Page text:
November 30, 2011
Science Daily/American Heart Association
Sexually and physically abused girls may have higher risks for heart attacks, heart disease and strokes as adults, according to new research.
In the study, compared to women who weren't molested or raped as children or teens, women who reported:
Repeated episodes of forced sex in childhood or adolescence had a 62 percent higher risk of cardiovascular disease as adults.
Severe physical abuse in childhood or adolescence was associated with a 45 percent increased risk of cardiovascular events.
Mild to moderate physical or sexual abuse was not associated with increased risk.
"The single biggest factor explaining the link between severe child abuse and adult cardiovascular disease was the tendency of abused girls to have gained more weight throughout adolescence and into adulthood,' said Janet Rich-Edwards, Sc.D., M.P.H., lead author of the study and associate professor in the Department of Medicine at Brigham and Women's Hospital in Boston, Mass.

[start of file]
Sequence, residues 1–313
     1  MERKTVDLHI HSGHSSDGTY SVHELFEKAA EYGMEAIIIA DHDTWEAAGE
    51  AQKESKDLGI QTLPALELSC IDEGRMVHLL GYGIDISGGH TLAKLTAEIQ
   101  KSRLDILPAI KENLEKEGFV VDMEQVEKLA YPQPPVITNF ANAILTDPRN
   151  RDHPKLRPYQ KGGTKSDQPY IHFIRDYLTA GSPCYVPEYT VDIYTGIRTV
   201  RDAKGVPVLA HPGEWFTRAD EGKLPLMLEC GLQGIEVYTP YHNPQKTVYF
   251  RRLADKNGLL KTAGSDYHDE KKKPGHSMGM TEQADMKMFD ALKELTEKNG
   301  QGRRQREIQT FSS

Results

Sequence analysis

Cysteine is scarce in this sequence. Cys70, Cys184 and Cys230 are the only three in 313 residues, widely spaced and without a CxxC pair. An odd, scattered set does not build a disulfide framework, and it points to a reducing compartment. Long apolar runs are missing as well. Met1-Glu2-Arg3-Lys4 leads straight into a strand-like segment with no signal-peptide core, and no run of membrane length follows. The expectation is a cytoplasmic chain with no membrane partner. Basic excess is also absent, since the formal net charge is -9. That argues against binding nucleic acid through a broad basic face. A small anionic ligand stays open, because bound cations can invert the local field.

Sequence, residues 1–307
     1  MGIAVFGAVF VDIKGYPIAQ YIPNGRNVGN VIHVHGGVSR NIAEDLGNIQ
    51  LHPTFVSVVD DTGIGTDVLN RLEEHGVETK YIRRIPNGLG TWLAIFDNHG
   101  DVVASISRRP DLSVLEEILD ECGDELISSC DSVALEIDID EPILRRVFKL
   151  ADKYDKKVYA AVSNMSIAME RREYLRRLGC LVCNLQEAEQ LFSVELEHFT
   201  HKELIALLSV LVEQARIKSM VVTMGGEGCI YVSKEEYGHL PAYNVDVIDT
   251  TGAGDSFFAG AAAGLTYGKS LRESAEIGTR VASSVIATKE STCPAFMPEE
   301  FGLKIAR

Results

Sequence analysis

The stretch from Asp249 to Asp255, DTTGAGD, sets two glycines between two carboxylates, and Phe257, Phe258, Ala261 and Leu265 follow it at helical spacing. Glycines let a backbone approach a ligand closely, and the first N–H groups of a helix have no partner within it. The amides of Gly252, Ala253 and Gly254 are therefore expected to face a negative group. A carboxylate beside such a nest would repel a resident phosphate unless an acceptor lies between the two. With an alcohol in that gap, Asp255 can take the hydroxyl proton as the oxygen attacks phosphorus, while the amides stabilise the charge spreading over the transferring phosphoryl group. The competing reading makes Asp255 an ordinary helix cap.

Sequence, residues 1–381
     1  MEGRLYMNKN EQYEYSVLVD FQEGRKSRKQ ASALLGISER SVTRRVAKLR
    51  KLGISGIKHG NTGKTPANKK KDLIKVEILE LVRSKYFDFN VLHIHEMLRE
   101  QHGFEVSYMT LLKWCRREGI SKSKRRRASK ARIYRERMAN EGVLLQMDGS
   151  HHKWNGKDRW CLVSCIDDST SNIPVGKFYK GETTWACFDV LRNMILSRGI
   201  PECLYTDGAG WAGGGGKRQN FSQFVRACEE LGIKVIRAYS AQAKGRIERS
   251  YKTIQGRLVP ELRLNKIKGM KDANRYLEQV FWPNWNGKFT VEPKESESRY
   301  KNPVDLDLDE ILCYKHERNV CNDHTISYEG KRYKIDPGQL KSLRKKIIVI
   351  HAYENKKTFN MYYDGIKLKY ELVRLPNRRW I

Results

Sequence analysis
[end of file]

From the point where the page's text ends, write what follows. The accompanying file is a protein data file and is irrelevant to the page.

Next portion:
"Women who experience abuse need to take special care of their physical and emotional well-being to reduce their risk of chronic disease," Rich-Edwards said. "Primary care health professionals need to consider childhood abuse histories of women as they transition into adulthood but to help the health professionals prevent cardiovascular disease among women with a history of abuse, we need to learn more about specific psychological, lifestyle, and medical interventions to improve the health of abuse survivors."